NIMHD Grant #U54 MD004811-06
TREE Center News
June 2018
Igniting Scholarship and Social Action through the Power of Story
Narratives are stories that string together events to construct meaning and establish discourse about who we are as a people. The power of story is to heal, to define who we are from resilience, strength and to retell our legacies of hope and bridge our ancestors with our lives today as we prepare the next generation to aspire to liberation and transformation .

Gratitude for the scholarly contributions and service of Victoria Sanchez, PhD.
Dr. Victoria Sanchez, Associate Professor in the College of Population Health is leaving the TREE Center as co-Director of the Community Engagement and Dissemination Core (CEDC) and moving onto other exciting ventures.

TREE Center: Implementation Science Workshop
Monday, June 18 | 9am - 4pm
UNM West

This workshop introduces Implementation Science (IS) in health disparities and public health research. Topics covered include the research to practice gap, IS theory, conceptual models and frameworks, and research designs (e.g., mixed-method and effectiveness-implementation hybrid). The workshop will attend to stakeholder engagement and participation and use of multi-level implementation strategies, using examples of IS projects in New Mexico communities to illustrate IS pragmatics. Participants will be encouraged to share and troubleshoot ideas for IS research and funding proposals, with suggestions provided by experienced IS grant.
TREE Center Implementation Science Workshop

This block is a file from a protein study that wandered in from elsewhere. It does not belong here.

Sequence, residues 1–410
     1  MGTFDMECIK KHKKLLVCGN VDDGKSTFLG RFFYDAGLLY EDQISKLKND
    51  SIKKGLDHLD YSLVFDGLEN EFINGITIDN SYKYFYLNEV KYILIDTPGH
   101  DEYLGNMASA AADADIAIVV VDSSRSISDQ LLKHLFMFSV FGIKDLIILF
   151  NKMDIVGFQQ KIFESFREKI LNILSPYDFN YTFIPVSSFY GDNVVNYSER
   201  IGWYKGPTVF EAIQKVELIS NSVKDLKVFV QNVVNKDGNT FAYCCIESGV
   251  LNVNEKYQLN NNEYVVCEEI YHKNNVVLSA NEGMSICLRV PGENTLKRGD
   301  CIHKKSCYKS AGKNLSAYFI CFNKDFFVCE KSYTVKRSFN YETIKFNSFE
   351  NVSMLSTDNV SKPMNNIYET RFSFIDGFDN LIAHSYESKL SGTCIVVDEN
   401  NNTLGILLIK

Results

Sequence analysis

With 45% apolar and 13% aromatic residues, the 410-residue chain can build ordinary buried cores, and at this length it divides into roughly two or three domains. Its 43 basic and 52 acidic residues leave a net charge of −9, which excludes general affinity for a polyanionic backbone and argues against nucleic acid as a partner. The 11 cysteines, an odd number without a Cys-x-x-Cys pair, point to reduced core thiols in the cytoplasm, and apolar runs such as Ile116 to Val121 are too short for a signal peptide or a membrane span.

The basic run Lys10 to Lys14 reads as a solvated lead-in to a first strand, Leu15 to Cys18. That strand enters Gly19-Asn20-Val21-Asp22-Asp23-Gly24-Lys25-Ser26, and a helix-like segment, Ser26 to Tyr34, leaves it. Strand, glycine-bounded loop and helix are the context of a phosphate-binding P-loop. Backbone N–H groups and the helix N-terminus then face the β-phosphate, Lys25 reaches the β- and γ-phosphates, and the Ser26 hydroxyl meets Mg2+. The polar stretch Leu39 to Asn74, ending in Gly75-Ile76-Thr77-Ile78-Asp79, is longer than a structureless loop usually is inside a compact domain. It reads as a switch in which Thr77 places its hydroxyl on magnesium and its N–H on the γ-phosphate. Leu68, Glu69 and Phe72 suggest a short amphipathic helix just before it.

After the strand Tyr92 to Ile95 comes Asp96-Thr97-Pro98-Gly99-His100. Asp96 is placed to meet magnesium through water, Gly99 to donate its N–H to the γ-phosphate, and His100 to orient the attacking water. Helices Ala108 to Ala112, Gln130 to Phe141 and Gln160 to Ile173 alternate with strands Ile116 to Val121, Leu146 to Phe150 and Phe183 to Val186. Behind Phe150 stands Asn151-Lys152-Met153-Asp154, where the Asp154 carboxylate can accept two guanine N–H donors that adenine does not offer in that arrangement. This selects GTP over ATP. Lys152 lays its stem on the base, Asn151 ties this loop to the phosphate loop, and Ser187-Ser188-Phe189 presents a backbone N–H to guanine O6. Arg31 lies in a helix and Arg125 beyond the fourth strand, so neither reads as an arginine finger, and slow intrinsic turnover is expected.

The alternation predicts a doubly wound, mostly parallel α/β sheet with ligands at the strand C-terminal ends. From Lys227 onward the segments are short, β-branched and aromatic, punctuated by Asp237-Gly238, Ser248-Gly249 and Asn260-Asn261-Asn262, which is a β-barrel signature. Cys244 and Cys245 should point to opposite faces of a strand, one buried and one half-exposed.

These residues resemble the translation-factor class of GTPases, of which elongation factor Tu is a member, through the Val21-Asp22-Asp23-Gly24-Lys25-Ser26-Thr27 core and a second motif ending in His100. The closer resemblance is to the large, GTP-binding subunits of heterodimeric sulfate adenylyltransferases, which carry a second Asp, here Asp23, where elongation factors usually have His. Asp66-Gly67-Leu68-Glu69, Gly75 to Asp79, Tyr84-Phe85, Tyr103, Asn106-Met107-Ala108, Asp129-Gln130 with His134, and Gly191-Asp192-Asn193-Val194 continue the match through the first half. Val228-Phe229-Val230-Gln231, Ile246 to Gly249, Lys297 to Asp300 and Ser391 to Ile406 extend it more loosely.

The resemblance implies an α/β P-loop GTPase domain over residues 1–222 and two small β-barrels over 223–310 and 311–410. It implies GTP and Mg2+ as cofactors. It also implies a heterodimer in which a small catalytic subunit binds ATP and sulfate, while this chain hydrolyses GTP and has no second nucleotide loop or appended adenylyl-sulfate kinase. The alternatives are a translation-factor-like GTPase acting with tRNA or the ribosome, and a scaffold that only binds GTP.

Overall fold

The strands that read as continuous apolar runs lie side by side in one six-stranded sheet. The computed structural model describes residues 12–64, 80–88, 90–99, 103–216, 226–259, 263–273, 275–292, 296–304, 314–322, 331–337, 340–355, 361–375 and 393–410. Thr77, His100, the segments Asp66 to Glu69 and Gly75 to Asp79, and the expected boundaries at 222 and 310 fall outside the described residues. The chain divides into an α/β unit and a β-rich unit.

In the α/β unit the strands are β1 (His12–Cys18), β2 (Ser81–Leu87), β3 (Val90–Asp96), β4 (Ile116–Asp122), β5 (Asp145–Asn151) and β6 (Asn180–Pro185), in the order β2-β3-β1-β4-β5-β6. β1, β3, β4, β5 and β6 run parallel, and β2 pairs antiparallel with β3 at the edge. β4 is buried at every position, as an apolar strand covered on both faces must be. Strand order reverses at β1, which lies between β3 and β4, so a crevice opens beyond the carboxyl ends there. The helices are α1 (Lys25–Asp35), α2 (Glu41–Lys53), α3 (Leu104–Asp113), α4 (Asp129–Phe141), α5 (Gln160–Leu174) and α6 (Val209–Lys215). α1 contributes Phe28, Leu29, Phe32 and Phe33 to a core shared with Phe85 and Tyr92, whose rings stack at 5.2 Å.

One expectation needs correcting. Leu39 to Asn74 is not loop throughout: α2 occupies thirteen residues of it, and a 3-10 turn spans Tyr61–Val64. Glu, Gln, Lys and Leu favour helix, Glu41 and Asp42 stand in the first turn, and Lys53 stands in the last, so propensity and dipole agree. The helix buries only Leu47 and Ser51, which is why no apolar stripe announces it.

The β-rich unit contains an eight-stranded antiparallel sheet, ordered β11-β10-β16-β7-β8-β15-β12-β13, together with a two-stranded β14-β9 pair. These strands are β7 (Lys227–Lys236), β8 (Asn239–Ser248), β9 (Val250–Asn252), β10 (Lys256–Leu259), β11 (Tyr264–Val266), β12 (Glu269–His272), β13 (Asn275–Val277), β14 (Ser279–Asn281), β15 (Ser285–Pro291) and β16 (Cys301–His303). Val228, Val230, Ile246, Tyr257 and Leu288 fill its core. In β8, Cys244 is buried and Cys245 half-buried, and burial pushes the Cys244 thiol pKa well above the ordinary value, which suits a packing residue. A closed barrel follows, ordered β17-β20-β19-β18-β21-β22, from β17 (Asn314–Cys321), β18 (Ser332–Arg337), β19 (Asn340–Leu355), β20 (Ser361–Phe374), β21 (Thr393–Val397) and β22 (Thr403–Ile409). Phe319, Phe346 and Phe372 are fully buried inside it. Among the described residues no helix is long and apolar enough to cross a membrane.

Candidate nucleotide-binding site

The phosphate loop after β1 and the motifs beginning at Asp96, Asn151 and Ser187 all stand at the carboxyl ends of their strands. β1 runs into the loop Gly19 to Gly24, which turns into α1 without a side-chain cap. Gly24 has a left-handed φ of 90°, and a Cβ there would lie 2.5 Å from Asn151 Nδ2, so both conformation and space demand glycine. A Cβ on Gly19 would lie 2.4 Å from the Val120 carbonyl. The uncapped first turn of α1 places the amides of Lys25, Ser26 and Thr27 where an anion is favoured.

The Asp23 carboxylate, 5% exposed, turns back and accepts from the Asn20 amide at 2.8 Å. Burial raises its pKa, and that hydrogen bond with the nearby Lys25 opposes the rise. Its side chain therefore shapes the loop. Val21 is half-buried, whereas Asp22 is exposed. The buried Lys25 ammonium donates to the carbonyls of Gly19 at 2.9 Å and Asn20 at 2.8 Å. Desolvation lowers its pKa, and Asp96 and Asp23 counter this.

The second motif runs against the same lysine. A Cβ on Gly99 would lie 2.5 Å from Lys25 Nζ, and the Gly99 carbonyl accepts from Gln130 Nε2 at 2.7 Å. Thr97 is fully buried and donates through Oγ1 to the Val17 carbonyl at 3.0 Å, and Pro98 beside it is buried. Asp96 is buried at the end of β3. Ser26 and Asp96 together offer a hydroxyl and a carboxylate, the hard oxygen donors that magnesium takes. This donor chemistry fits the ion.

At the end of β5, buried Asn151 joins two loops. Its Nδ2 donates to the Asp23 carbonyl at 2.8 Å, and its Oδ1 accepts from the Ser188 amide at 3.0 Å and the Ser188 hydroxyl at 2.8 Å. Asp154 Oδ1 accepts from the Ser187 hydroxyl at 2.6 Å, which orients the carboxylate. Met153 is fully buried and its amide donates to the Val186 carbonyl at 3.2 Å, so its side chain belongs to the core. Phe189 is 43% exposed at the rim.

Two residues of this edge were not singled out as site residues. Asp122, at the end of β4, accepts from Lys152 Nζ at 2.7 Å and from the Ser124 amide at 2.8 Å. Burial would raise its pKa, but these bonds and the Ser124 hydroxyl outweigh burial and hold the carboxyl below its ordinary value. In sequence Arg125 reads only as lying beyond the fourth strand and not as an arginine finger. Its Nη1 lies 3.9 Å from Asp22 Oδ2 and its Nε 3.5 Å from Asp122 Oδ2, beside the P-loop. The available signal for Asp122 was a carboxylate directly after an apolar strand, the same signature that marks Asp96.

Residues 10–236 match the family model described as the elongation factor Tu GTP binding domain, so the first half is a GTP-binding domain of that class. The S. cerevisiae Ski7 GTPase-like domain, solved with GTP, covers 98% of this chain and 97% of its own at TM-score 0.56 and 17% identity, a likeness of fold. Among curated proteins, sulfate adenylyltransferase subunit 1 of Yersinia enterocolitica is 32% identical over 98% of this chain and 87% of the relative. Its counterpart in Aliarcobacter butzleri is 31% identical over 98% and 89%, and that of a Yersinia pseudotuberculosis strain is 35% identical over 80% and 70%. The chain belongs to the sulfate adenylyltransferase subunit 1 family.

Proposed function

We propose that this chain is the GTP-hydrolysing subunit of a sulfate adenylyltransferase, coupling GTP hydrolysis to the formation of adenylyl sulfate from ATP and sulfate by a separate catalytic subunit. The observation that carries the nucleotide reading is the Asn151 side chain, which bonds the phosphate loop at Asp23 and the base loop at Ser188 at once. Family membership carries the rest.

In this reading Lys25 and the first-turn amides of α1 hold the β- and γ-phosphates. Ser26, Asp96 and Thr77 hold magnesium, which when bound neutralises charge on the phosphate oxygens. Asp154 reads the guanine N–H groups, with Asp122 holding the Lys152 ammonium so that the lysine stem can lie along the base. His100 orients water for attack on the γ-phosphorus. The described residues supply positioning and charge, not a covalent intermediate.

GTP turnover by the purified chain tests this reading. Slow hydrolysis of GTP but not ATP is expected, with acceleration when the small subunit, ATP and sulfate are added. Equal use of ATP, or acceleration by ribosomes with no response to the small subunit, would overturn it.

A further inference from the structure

UNM West

06/18/18 9:00am - 06/18/18 4:00pm

This workshop introduces Implementation Science (IS) in health disparities and public health research.
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I can't make it
Events and Resources
Native American Behavioral Health Summit:
"Our Communities - Our Strength" | June 19, 2018
On behalf of Suzette A. Shije, Secretary, New Mexico Indian Affairs Department & Behavioral Health Planning Council invite you to the Native American Subcommittee 2018 Behavioral Health Summit. The summit is a platform to build capacity of communities and provide the information , skills, support, connections and build strong relationships within our community members and friends.
Click here to register.

African Americans and Latinos are more likely to be at risk for depression than Whites.
A new study published in the May 2018 issue of  Preventive Medicine  shows that African Americans and Latinos are significantly more likely to experience serious depression than Whites, but chronic stress does not seem to explain these differences. Dr. Eliseo J. Pérez-Stable, director of the National Institute on Minority Health and Health Disparities (NIMHD) was the senior author of the study, which also found that African Americans and Latinos were more likely to have higher levels of chronic stress and more unhealthy behaviors. NIMHD is part of the National Institutes of Health.
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